Acanthodactylus beershebensis 


Taxonomy [top]

Kingdom Phylum Class Order Family
Animalia Chordata Reptilia Squamata Lacertidae

Scientific Name: Acanthodactylus beershebensis
Species Authority: Moravec, Baha El Din, Seligmann, Sivan & Werner, 1999
Common Name(s):
English Be’er Sheva Fringe-fingered Lizard

Assessment Information [top]

Red List Category & Criteria: Critically Endangered A2c; B2ab(iii) ver 3.1
Year Published: 2006
Date Assessed: 2006-01-31
Assessor(s): Werner, Y., Disi, M. & Mousa Disi, A.M.
Reviewer(s): Stuart, S.N. & Cox, N. (Global Reptile Assessment)
Listed as Critically Endangered because of a serious population decline, estimated to be more than 80% over the last three generations, inferred from habitat destruction and degradation; and because its area of occupancy is less than 10 km², its distribution is severely fragmented, and there is continuing decline in the extent and quality of its habitat.

Geographic Range [top]

Range Description: This species is endemic to the Irano-Turanian region of south-central Israel. The map shows the extent of the historic distribution, within which very few fragmented populations remain.
Countries occurrence:
Israel; Palestinian Territory, Occupied
Range Map: Click here to open the map viewer and explore range.

Population [top]

Population: It used to be common species, but is now very rare because of habitat loss.
Current Population Trend: Decreasing
Additional data:

Habitat and Ecology [top]

Habitat and Ecology: The species inhabits loess plains with sparse shrub cover. The females may have between three and seven eggs. It is not found in agricultural areas. Animals hide under stones and in holes in the ground, and the species digs burrows under the 'green crust' substrate.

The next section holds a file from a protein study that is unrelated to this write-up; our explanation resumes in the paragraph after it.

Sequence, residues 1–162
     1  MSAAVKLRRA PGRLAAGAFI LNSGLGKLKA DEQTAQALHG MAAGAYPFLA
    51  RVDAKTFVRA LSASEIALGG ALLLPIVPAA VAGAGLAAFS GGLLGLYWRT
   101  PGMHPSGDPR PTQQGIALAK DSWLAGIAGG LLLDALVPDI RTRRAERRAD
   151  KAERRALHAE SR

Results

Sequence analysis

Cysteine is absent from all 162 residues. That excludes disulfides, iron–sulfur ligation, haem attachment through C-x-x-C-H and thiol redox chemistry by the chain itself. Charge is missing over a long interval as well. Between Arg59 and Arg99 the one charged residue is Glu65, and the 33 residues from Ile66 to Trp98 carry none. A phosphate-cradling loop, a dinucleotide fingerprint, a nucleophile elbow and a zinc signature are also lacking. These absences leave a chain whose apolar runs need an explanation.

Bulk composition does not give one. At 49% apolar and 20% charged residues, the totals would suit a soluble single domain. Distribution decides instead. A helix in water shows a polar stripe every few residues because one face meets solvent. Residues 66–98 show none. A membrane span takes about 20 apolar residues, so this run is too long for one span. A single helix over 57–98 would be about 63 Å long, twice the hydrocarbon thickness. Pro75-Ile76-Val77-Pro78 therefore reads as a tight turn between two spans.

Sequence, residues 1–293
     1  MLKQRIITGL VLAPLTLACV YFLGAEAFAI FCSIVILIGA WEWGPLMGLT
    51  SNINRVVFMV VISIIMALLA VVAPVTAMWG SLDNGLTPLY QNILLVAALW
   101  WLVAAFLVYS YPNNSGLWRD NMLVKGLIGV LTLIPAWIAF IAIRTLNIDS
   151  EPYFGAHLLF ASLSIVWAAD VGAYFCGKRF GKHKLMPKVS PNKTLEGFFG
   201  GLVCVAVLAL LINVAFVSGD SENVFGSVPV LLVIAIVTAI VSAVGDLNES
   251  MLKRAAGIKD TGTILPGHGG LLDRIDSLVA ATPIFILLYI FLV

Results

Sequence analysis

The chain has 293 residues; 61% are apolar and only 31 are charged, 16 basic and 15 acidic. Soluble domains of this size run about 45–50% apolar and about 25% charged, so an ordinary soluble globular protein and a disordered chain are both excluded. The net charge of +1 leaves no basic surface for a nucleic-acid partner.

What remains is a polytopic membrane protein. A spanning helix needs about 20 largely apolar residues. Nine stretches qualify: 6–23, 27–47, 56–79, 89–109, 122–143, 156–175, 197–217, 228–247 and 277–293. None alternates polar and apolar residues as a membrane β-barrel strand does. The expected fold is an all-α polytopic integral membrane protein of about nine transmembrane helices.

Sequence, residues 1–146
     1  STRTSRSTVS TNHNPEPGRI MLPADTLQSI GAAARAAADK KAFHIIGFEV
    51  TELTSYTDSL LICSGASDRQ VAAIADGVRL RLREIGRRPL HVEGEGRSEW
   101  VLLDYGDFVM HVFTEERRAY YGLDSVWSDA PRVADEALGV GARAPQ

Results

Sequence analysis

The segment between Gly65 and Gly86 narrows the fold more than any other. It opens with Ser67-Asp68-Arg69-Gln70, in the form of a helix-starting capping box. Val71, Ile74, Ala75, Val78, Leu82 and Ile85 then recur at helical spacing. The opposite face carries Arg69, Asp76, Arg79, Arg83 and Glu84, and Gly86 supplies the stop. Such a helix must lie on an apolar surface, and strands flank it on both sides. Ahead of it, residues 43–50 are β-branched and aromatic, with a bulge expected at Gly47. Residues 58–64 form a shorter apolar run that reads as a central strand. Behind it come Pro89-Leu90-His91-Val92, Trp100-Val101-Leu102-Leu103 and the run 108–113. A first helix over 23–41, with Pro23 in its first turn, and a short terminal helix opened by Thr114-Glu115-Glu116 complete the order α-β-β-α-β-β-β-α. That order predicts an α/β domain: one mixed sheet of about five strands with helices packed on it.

Systems: Terrestrial

Threats [top]

Major Threat(s): Much of the habitat of this species (especially the 'green crust') has been destroyed by intensive agriculture, urbanisation, and trampling by grazing animals. It is relatively easily caught by birds, such as falcons, egrets and shrikes, and the abundance of these predatory birds in the area is increasing with ongoing tree planting.

Conservation Actions [top]

Conservation Actions: A small portion of the former range of this species is within protected areas. It is protected by national legislation in Israel.

Classifications [top]

3. Shrubland -> 3.5. Shrubland - Subtropical/Tropical Dry
suitability: Suitable  
1. Land/water protection -> 1.1. Site/area protection
2. Land/water management -> 2.1. Site/area management

In-Place Research, Monitoring and Planning
In-Place Land/Water Protection and Management
  Occur in at least one PA:Yes
In-Place Species Management
In-Place Education
1. Residential & commercial development -> 1.1. Housing & urban areas
♦ timing: Ongoing    
→ Stresses
  • 1. Ecosystem stresses -> 1.1. Ecosystem conversion
  • 1. Ecosystem stresses -> 1.2. Ecosystem degradation

2. Agriculture & aquaculture -> 2.1. Annual & perennial non-timber crops -> 2.1.3. Agro-industry farming
♦ timing: Ongoing    
→ Stresses
  • 1. Ecosystem stresses -> 1.1. Ecosystem conversion
  • 1. Ecosystem stresses -> 1.2. Ecosystem degradation

8. Invasive & other problematic species & genes -> 8.2. Problematic native species
♦ timing: Ongoing    
→ Stresses
  • 2. Species Stresses -> 2.1. Species mortality

1. Research -> 1.2. Population size, distribution & trends
1. Research -> 1.3. Life history & ecology
1. Research -> 1.5. Threats
1. Research -> 1.6. Actions
3. Monitoring -> 3.1. Population trends

Bibliography [top]

Dolev, A. and Perevolotsky, A. 2002. Red Book of Threatened Species in Israel – Vertebrates. Nature and Parks Authority and the Society for the Protection of Nature in Israel, Jerusalem.

IUCN. 2006. 2006 IUCN Red List of Threatened Species. Downloaded on 04 May 2006.

Citation: Werner, Y., Disi, M. & Mousa Disi, A.M. 2006. Acanthodactylus beershebensis. The IUCN Red List of Threatened Species 2006: e.T61454A12488658. . Downloaded on 26 November 2015.
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